foreach $loopvariable (@data_array) { print $loopvariabe ; }
    does it mean that  $loopvariable will be assigned the elelments of @data_array one by one ?
    foreach (@data_array) { print $data_array ; } #this looks like wrong syntax
    Do we need to declare array elemnts in double quotes only or can we declare it in single quotes also ? what if array elements are declared without any quotes ? will it be a syntax error ?

    Not to discourage asking questions, but even without Resort to The Fine Manuals linked by other respondents, these questions can also be answered by experimentation. Note: Using warnings and strictures (use warnings; use strict; or  -wMstrict on the command line) while experimenting can be very informative.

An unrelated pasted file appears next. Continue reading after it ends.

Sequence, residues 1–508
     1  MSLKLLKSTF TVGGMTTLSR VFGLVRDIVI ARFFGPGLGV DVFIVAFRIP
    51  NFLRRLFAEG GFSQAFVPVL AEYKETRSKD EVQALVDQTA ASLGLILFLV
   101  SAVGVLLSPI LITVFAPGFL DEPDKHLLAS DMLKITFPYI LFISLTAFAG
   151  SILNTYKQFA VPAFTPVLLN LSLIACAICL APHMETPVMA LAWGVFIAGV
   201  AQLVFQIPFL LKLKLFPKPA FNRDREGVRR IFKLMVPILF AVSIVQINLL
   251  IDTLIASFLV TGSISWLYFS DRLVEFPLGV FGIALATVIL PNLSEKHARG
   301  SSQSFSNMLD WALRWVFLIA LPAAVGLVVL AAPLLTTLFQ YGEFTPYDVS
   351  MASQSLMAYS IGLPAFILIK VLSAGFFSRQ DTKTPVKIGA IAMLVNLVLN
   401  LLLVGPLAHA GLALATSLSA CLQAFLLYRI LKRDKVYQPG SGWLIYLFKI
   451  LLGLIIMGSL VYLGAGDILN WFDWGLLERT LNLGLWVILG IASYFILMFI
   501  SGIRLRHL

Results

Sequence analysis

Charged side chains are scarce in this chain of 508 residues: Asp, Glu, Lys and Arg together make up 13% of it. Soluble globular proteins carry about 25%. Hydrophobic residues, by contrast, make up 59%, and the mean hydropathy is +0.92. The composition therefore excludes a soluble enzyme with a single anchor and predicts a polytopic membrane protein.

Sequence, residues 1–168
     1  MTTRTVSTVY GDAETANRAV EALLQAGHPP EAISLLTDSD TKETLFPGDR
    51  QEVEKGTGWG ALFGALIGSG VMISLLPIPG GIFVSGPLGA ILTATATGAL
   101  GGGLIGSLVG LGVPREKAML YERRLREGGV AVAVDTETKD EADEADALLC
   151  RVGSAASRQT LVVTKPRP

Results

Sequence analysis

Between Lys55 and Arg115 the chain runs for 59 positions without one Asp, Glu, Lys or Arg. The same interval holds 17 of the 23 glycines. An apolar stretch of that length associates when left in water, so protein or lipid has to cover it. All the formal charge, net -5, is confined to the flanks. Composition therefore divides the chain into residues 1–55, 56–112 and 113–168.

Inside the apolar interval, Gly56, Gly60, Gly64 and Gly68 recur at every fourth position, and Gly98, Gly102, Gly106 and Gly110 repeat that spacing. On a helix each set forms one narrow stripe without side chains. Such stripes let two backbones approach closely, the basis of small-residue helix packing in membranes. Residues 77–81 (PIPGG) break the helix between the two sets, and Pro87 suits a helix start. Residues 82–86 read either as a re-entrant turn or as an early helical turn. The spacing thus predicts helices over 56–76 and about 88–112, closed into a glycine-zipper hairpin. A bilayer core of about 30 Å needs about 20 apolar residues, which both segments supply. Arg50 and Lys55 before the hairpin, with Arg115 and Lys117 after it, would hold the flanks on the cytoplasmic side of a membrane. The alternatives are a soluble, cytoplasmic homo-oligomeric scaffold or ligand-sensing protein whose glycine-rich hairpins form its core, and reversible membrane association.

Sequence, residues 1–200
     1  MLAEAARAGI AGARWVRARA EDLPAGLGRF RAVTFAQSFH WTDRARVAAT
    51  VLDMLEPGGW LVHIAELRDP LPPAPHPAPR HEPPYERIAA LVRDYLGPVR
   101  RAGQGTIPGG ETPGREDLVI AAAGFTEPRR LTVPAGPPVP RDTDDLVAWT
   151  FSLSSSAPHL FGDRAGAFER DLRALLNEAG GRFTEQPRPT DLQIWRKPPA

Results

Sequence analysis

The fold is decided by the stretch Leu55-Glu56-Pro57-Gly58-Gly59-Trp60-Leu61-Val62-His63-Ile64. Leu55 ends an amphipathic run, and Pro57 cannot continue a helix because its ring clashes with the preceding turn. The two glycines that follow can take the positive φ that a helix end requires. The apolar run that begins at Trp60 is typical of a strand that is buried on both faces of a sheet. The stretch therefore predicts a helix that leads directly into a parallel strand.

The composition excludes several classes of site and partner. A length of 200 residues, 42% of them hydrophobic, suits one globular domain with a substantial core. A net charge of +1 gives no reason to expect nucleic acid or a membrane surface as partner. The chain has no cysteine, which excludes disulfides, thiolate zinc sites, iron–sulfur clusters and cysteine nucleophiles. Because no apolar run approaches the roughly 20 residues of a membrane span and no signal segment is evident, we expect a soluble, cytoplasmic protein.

>perl -wMstrict -le "my @array = qw(one two three); for my $loopvariable (@array) { print $loopvariable; } " one two three >perl -wMstrict -le "my @array = qw(one two three); for (@array) { print $array; } " Global symbol "$array" requires explicit package name at -e line 1. Execution of -e aborted due to compilation errors.

    Note also that the loop variable is aliased to the elements of the list over which the loop iterates; it can be used to change them (if they are changeable!).

    >perl -wMstrict -le "my @array = ('two', 'three', 'four'); for my $loopvariable (@array) { ++$loopvariable; } print qq{@array}; " twp thref fous

Log In?
Username:
Password:

What's my password?
Create A New User
Node Status?
node history
Node Type: perlquestion [id://816177]
Approved by kennethk
Front-paged by Corion
help
Chatterbox?
and the web crawler heard nothing...

How do I use this? | Other CB clients
Other Users?
Others having an uproarious good time at the Monastery: (10)
As of 2014-12-26 07:00 GMT
Sections?
Information?
Find Nodes?
Leftovers?
    Voting Booth?

    Is guessing a good strategy for surviving in the IT business?





    Results (167 votes), past polls